At some point, things are going to start looking up.
On the one hand, the Colorado Rockies don't have to be the ones to sell optimism to Rockies fans. Rather, by looking closely, anyone should be able to see that general manager Jeff Bridich and his staff are building something. On the other hand, trying to decipher whether or not Rockies brass is taking the straightest possible path to get there is another issue -- and the central one.
Colorado enters 2016 in unfamiliar territory. For the first time in 10 years, the club won't have its former face of the franchise. And, though maybe not related, it's been about the same amount of time since the team had zero expectations from not only the media, but also the majority of its fanbase, for on-field success.
Ah, yes. Rock bottom. If the Rockies aren't there yet, they almost certainly will be at some point this season. But it's a necessary step along the way to what the club is trying to ultimately accomplish at 20th and Blake.
So, why even watch? It's a fair question, but there are a few reasons:
1. It's baseball, silly. Why wouldn't you watch?
2. This guy:
3. There's going to be some frustration, yes. But there will also be plenty of moments that will have you saying, "This. This is what we've been waiting for, and this is what we're going to see regularly in the near future."
And that's the story of the 2016 Rockies -- only there's so much more.
★ ★ ★
In case you've been sleeping since October
OF Gerardo Parra, OF Ryan Raburn, INF Mark Reynolds, UT Tony Wolters, SP German Marquez, RP Jake McGee, RP Jason Motte, RP Chad Qualls
OF Corey Dickerson, INF Justin Morneau, INF/C Wilin Rosario, SP Kyle Kendrick, RP John Axford, RP Rex Brothers, RP Christian Friedrich, RP Tommy Kahnle
On the whole, the players the Rockies acquired this offseason are better than the ones they lost, but a lot of that value is tied up in relievers. One could make the argument that having a good bullpen is more important for the Rockies, whose rotation will be lacking, than it is for most other teams, so perhaps having that area be the biggest upgrade of them all isn't such a bad thing.
Read more: Revisiting the Rockies' offseason moves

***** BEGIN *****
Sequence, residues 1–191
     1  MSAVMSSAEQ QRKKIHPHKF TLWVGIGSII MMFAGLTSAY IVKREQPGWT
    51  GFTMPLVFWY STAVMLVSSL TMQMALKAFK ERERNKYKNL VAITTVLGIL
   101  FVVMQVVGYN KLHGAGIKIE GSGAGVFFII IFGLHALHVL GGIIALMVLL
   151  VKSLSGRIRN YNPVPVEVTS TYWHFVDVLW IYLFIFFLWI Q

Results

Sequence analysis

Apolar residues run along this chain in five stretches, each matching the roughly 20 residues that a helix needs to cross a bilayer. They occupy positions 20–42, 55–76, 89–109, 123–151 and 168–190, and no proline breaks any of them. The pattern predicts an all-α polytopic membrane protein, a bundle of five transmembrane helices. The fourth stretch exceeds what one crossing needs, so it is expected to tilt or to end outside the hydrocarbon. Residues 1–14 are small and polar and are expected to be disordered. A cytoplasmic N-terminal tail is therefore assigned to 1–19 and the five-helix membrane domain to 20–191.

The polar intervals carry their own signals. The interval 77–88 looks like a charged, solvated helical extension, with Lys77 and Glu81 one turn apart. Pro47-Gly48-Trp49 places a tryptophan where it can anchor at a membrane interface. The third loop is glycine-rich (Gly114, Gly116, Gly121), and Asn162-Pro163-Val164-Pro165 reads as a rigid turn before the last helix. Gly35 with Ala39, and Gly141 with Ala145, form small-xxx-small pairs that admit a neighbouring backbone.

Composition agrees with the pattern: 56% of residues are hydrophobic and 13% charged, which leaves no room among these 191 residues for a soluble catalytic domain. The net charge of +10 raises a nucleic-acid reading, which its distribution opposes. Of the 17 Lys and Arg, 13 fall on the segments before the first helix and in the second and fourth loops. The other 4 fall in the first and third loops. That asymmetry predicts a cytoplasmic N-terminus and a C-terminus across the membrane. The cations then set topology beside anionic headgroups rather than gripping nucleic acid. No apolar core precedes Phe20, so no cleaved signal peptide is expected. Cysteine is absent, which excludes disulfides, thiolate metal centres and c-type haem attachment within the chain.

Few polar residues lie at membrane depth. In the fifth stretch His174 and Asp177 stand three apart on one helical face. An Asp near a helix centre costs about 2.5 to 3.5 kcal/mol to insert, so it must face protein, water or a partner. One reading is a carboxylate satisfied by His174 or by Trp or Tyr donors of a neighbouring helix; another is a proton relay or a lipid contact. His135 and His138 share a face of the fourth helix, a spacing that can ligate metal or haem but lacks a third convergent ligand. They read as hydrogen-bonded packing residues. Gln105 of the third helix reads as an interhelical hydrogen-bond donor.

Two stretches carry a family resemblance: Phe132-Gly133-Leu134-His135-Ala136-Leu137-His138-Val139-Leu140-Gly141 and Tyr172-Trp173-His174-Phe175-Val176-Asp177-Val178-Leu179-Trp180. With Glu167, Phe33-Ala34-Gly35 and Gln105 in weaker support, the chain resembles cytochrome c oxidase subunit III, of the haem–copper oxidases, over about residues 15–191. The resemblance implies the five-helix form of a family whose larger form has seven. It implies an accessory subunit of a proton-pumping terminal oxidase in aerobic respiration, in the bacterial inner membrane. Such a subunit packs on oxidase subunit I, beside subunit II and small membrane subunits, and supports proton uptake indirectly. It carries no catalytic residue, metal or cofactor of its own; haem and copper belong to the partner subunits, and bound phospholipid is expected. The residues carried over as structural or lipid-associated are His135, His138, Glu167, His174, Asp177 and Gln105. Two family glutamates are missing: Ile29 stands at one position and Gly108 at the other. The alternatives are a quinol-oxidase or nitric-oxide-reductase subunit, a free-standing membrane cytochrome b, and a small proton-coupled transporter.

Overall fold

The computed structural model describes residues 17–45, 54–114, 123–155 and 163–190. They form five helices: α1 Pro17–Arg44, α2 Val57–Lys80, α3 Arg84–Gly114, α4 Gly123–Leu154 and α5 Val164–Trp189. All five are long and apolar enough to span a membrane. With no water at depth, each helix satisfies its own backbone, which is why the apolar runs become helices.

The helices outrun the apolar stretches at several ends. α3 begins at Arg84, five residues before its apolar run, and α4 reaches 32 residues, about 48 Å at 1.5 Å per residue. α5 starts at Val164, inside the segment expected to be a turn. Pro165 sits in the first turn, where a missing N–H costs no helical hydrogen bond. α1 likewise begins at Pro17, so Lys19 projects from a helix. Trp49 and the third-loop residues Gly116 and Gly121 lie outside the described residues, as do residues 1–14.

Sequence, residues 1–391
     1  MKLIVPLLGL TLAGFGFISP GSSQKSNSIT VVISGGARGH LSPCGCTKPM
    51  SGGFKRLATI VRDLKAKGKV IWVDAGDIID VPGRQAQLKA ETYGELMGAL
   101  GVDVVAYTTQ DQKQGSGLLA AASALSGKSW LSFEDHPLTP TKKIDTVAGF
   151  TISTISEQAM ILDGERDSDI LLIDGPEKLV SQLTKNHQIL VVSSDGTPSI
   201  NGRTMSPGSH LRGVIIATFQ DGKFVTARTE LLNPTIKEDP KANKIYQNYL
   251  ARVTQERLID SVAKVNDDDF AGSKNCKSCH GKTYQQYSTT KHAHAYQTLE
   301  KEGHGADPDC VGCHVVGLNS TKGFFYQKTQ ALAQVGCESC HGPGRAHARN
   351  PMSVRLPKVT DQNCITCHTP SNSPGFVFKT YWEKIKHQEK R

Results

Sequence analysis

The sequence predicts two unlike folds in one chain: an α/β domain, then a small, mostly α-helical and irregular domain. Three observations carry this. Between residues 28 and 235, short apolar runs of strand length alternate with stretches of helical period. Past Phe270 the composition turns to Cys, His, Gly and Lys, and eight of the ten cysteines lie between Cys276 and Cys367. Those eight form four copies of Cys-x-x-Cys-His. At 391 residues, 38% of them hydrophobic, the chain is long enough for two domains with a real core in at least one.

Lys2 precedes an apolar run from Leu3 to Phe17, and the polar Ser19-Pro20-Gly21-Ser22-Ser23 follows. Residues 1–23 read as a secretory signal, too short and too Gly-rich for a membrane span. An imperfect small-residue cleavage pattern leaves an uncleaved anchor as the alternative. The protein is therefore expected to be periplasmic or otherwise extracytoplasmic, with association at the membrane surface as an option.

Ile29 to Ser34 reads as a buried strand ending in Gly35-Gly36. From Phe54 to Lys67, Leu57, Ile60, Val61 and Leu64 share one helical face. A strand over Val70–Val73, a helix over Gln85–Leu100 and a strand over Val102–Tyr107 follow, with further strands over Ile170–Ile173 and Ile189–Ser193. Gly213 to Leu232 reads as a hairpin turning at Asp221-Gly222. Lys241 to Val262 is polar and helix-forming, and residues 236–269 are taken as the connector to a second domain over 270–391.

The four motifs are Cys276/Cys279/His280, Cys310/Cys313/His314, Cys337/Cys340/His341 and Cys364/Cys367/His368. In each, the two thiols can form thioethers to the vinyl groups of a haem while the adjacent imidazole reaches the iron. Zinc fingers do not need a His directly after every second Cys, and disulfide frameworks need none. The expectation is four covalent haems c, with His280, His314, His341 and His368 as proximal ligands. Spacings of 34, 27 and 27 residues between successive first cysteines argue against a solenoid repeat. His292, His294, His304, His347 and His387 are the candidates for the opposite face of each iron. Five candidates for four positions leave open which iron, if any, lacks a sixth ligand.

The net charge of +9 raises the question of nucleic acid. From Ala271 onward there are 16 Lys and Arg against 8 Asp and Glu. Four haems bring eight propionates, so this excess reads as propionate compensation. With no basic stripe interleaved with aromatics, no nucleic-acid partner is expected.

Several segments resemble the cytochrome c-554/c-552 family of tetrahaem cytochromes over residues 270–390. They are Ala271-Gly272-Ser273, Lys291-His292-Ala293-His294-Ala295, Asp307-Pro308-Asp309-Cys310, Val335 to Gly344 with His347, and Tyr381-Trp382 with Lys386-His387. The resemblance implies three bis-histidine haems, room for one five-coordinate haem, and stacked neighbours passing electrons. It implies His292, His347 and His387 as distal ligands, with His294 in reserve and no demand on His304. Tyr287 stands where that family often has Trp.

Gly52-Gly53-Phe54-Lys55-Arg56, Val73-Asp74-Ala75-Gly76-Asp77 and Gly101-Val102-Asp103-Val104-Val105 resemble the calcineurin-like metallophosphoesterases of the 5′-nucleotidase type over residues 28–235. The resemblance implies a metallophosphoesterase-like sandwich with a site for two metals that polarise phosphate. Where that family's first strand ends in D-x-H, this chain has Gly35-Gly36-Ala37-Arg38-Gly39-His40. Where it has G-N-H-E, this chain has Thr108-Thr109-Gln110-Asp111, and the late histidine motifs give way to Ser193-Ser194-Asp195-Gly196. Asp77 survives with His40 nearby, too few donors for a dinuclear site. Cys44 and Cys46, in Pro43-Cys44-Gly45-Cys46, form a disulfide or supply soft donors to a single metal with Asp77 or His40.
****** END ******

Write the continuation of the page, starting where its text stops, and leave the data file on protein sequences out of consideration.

All of this adds up to a team that, with better health, could add a few wins to its 2015 total based on the contributions of its new acquisitions. But nobody in their right mind should believe that the team insists this group will be the missing link to contending for a postseason berth.
Projected lineup, rotation and bullpen
|Opening Day lineup||Starting rotation||Bullpen|
|Charlie Blackmon, CF||Jorge De La Rosa, LHP||Christian Bergman, RHP|
|DJ LeMahieu, 2B||Chad Bettis, RHP||Chris Rusin, LHP|
|Carlos Gonzalez, RF||Jordan Lyles, RHP||Scott Oberg, RHP|
|Nolan Arenado, 3B||Tyler Chatwood, RHP||Justin Miller, RHP|
|Gerardo Parra, LF||Chad Qualls, RHP|
|Ben Paulsen, 1B||Boone Logan, LHP|
|Trevor Story, SS||Jason Motte, RHP|
|Nick Hundley, C||Jake McGee, LHP|
Other than perhaps the back-end of the bullpen, the starting lineup is the strength of the team. There is a solid mix of power, speed and contact ability. The main problem, of course, is getting on base. DJ LeMahieu led the team with a .358 on-base percentage, but he did it on the strength of a rather unsustainable .362 batting average on balls in play. LeMahieu and Charlie Blackmon were the Rockies' only regulars to get on base at a better than league-average clip, so some improvement is much needed in that area.
That starts with Nolan Arenado, whose OBP is really his lone weakness (speed aside). If Arenado can make some positive strides in his on-base ability this season, it could result in a much more well-rounded year, even if it comes with a slight decline in power production.
Rockies top pitching prospect Jon Gray will begin the season on the disabled list. With a couple of early rainout protection off days, the Rox won't need a fifth starter until the third week of the season, meaning the club could opt to begin the year with a four-man rotation and an extra bullpen arm. Either way, the unit is a huge weakness and is almost completely reliant on pitch-to-contact guys who don't have much of a track record in the big leagues.
Scott Oberg and Miguel Castro are competing for the final bullpen spot. Since Castro is just 22 and could use further seasoning based on his performance last season, it would be wise for the Rockies to give Oberg the nod for now.